# How to Accurately Calculate Monthly Recurring Revenue

Some fire and security companies focus on installations and one-time projects. But, most thrive by providing regular inspections and maintenance for their customers’ fire safety and security systems. When a large part of a company’s revenue comes from recurring services, the best way to assess its growth and financial health is different from other companies.

Looking at quarterly growth and annual recurring revenue still matter. But, keeping track of your monthly recurring revenue is an important way for you to know the true value of your fire or security business. Here are some tips for accurately calculating your monthly recurring revenue (MRR):

## Your Company’s Services and Types of Revenue

First, you want to outline the types of services your company offers based on the types of revenue they generate.

For most fire and security companies, this will come down to several major categories:

• Installations and one-time projects
• Ongoing inspection, monitoring, and/or maintenance contracts

It can be helpful to speak to your technicians and office staff when going through this exercise. They can give even more insight into what customers are asking for and what services sell best. You may even identify new opportunities to expand your services!

Once you have outlined the categories, list out your current customers and the specific services they are receiving from your company. This will give you a clear picture of what types of revenue make up the majority of your MRR.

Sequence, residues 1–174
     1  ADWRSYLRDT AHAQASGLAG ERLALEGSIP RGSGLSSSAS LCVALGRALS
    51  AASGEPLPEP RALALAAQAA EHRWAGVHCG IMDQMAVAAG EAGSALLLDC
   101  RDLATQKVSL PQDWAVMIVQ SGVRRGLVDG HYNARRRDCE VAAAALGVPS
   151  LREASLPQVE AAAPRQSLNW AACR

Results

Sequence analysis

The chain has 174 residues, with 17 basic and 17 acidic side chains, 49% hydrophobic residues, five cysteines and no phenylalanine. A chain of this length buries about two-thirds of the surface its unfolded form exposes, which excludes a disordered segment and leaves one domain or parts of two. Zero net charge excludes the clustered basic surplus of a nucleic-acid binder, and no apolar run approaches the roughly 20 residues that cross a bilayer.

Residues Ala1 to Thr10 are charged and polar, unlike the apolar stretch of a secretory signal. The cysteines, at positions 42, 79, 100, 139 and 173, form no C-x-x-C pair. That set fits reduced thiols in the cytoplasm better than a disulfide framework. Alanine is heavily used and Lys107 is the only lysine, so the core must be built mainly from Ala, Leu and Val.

Now, you can set aside the services and sales that are not recurring by nature. Then, calculate the current monthly recurring revenue for each customer by taking the total amount they pay each month for their services and contracts. If a customer has many services or contracts with different lengths and payment frequencies, convert them into a monthly cost.

For example, if a customer pays for quarterly fire inspections and annual security monitoring, add up the cost of all three services in a year and divide by 12 to get their monthly cost. We will show you how to keep using this MRR formula to establish your business’s overall monthly revenue in a moment.

### Recurring Revenue that Isn’t MRR

You may have customers who re-purchase equipment from you or request more services often enough to be predictable, but these are not types of MRR. Your monthly recurring revenue is revenue generated from inspections and monitoring contracts. These are the services that a customer would have to cancel in order from them not to happen.

Being aware of how to measure your revenue on a monthly basis, even when your service contracts are of varying lengths, is an important skill. And once you do it the first couple times, it is easier to keep up with it as you become more comfortable.

## Why Monthly Recurring Revenue Reflects Your Company’s True Value

While every type of revenue your company generates is valuable, recurring revenue is often considered the most valuable because it is reliable. It also allows you to have a more accurate picture of your company’s growth and financial health. This is especially true if a large part of your revenue comes from recurring services.

You may have new installations and one-time projects that bring in large sums of money. But, they do not guarantee long-term growth for your business. These types of sales can also be harder to predict and rely on for consistent cash flow.